The Bargate was built as a town gateway in c1180. It also has a Guildhall on the first floor. It originally joined on to the town wall. In the 1930s it was separated from the wall. Between the centre 2 windows is a statue of George III in Roman costume. This replaced a wooden statue of Queen Anne. A bell was added in 1605. This was the curfew and alarm bell for the city. This is one of the finest town gateways in England.
These fortifications gradually grew, ranging in date from the Norman period to the early 15th century, by which time the medieval town of Southampton was completely encircled by a lofty wall, averaging about 25ft feet to 30ft in height and extending nearly one-and-a-quarter miles in circumference. The defensive walls formed a rectangle, stretching north and south, following the line of the western shore and rounded off at the southwest corner. Built mainly of Isle of Wight limestone, the walls incorporated seven main gateways and were strengthened by 29 towers. The Bargate or North Gate dates from Norman times, its earliest feature the half-round arch dating from about 1175-1200, forming the core.
Northern Dail Echo: Pictures of Bargate through the years – the symbol of Southampton
The Bargate was built c. 1180, constructed of stone and flint. Alterations were made to the building around 1290, when large drum towers were added to the north side, with arrow slit windows. A two-storey extension was made to the south side towards the end of the 13th century, with four windows lighting the upstairs room. Work was also carried out to the interior of the upper room during the 13th century, when the stone fireplaces were installed. The embattled north front was added to the building around 1400. A survey of the town’s guns in 1468 reported that the Bargate held two breach loader guns and a brass muzzle loader. It is not clear when the Bargate started being used as a prison but the first records of it date from 1439. . . . A bell was added to the southwest corner of the building to 1579. The current bell is inscribed 1605 and was used as the city’s curfew and alarm bell. In 1644 the panels featuring Bevis of Hampton and Ascapart were repainted. The room above the gate itself was probably added shortly after 1400 and the town steward books mention a banquet held there in 1434. It was originally used as the city’s guildhall, until the 1770s. It was at this point that the city began to grow to the north of the gate. Also during the 18th century, five panels containing painted shields and the sundial were added to the building and in the middle of the century the old wooden lions were replaced with new lead sculptures.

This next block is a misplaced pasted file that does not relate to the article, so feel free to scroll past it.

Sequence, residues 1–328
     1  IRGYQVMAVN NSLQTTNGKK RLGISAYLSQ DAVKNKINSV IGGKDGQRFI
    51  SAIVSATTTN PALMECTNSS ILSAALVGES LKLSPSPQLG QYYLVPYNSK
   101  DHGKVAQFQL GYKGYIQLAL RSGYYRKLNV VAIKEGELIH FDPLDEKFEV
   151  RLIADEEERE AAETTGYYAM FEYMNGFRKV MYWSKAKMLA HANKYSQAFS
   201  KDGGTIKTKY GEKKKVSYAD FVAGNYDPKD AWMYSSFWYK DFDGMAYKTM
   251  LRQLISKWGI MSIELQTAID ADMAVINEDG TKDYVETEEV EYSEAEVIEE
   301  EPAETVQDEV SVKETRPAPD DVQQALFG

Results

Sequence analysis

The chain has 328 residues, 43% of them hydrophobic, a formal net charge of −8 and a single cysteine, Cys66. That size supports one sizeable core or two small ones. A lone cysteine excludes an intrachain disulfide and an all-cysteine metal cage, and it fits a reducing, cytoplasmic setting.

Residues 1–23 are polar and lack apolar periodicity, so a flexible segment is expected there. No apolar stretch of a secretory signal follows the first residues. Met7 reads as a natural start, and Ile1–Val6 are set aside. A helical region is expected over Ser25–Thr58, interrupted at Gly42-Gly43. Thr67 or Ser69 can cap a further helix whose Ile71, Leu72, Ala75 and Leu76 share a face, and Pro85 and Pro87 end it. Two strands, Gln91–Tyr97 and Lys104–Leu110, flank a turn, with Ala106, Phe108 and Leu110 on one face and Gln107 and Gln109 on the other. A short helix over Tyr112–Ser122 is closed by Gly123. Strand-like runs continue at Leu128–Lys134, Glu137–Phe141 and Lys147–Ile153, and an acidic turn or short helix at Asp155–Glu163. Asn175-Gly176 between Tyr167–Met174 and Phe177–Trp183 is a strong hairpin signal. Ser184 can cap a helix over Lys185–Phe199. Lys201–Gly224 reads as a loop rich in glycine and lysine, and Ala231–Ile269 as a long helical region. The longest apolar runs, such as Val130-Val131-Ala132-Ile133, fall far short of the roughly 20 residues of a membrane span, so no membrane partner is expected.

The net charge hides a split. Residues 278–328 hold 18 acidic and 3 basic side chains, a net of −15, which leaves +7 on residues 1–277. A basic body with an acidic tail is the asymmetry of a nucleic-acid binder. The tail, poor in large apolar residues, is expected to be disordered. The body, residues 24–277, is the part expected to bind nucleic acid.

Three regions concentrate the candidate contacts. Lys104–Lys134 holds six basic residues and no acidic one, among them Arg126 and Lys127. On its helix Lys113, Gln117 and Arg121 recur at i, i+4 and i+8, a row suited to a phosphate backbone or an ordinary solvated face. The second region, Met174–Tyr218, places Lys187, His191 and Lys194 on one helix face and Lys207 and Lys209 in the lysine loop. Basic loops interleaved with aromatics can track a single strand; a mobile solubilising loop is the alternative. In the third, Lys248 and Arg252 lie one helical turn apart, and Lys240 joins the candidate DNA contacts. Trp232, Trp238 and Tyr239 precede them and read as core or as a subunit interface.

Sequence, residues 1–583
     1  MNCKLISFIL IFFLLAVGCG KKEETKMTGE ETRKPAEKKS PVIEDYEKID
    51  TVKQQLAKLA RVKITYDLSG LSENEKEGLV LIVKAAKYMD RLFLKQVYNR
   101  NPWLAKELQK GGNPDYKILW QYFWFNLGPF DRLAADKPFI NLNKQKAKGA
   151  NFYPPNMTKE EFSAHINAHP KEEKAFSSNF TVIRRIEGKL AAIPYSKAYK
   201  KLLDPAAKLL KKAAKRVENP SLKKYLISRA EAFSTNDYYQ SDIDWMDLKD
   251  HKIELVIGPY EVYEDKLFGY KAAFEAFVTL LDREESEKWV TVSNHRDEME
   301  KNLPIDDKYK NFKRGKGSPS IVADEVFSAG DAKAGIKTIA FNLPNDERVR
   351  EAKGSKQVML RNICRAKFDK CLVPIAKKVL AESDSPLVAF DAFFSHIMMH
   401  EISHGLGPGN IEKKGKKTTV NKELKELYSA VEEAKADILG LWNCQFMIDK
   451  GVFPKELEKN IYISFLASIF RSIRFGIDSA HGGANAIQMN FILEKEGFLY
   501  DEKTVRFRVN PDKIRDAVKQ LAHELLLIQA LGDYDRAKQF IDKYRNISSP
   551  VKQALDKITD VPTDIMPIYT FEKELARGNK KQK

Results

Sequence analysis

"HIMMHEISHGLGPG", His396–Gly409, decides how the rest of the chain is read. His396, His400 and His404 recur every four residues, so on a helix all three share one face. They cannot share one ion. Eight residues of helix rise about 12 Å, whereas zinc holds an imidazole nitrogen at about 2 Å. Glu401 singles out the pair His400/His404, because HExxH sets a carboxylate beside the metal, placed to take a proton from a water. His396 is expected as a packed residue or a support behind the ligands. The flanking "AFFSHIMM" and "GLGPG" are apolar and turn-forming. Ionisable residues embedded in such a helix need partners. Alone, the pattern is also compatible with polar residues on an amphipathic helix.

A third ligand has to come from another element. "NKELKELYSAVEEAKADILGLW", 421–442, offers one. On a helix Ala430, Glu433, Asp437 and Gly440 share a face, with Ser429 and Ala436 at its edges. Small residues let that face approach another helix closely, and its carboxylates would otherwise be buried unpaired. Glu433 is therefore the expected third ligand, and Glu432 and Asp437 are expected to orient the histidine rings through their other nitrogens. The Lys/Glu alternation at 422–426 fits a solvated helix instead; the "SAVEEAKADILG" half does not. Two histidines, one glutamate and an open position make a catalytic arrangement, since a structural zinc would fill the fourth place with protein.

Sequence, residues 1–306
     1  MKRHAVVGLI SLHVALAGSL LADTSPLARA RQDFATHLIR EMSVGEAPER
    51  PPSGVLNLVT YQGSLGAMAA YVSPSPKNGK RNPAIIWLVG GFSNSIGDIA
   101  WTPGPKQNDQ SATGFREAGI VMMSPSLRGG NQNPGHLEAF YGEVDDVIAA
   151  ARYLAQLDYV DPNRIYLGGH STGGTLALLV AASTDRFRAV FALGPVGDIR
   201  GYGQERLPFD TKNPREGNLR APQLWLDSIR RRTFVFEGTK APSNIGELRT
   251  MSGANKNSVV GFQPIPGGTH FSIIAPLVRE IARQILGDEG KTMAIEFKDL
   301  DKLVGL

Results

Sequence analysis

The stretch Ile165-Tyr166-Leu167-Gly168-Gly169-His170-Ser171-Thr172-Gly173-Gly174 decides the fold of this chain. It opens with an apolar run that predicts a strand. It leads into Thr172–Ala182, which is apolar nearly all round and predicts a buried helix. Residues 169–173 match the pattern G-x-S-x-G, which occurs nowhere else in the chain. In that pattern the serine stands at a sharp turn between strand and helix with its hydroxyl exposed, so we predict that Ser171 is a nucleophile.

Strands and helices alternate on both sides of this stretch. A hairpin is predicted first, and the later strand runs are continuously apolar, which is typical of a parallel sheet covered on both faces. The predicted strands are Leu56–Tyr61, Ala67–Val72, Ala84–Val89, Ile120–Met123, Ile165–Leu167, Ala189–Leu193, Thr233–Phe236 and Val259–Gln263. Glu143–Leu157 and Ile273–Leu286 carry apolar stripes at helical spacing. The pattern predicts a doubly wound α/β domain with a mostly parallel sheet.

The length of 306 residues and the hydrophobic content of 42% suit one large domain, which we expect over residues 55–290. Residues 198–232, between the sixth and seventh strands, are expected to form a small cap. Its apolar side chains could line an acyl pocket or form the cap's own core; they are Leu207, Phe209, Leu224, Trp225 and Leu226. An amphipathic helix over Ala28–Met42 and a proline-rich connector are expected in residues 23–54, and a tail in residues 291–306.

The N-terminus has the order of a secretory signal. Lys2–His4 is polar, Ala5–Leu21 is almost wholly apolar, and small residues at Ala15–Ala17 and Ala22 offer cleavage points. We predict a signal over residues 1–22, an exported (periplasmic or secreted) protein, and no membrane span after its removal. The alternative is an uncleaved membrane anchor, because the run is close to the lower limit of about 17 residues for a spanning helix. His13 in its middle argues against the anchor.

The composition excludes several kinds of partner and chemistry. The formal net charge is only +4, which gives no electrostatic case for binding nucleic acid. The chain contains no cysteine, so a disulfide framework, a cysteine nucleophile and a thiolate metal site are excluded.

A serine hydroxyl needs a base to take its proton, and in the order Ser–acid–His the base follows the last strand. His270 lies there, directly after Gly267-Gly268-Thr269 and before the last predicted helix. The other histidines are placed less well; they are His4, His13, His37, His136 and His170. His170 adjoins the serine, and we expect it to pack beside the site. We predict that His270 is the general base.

Additional archways were added in 1764 and 1774. In 1765, a passage was cut through the eastern side of the arch for pedestrians. A further passage through the western side was added later. The construction of these passages ended (for a time) the Bargate’s use as a prison. In 1809 a statue of George III in Roman dress was added the middle of the four windows of the southern side. It replaced a wooden statue of Queen Anne. The statue was a gift to the town from John Petty, 2nd Marquess of Lansdowne and is made from Coade stone. Following the establishment of Southampton’s police force in February 1836, the upper room was used as a prison. The current guildhall within the Bargate was constructed in 1852 and was designed to be used as a criminal court. In addition to this the Bargate continued to be the site of meetings of Southampton’s court leet until 1856. In 1881 the panels featuring Bevis of Hampton and Ascapart were moved into the building for protection.